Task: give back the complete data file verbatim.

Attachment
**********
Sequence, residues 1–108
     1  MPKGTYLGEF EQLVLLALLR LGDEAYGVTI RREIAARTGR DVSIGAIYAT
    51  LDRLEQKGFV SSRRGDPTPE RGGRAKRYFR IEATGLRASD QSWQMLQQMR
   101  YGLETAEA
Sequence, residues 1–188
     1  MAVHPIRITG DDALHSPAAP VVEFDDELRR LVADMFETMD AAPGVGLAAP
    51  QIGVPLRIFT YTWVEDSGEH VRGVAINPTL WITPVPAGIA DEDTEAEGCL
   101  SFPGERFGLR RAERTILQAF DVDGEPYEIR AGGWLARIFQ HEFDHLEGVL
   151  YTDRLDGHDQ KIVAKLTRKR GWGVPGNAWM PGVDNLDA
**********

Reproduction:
Sequence, residues 1–108
     1  MPKGTYLGEF EQLVLLALLR LGDEAYGVTI RREIAARTGR DVSIGAIYAT
    51  LDRLEQKGFV SSRRGDPTPE RGGRAKRYFR IEATGLRASD QSWQMLQQMR
   101  YGLETAEA
Sequence, residues 1–188
     1  MAVHPIRITG DDALHSPAAP VVEFDDELRR LVADMFETMD AAPGVGLAAP
    51  QIGVPLRIFT YTWVEDSGEH VRGVAINPTL WITPVPAGIA DEDTEAEGCL
   101  SFPGERFGLR RAERTILQAF DVDGEPYEIR AGGWLARIFQ HEFDHLEGVL
   151  YTDRLDGHDQ KIVAKLTRKR GWGVPGNAWM PGVDNLDA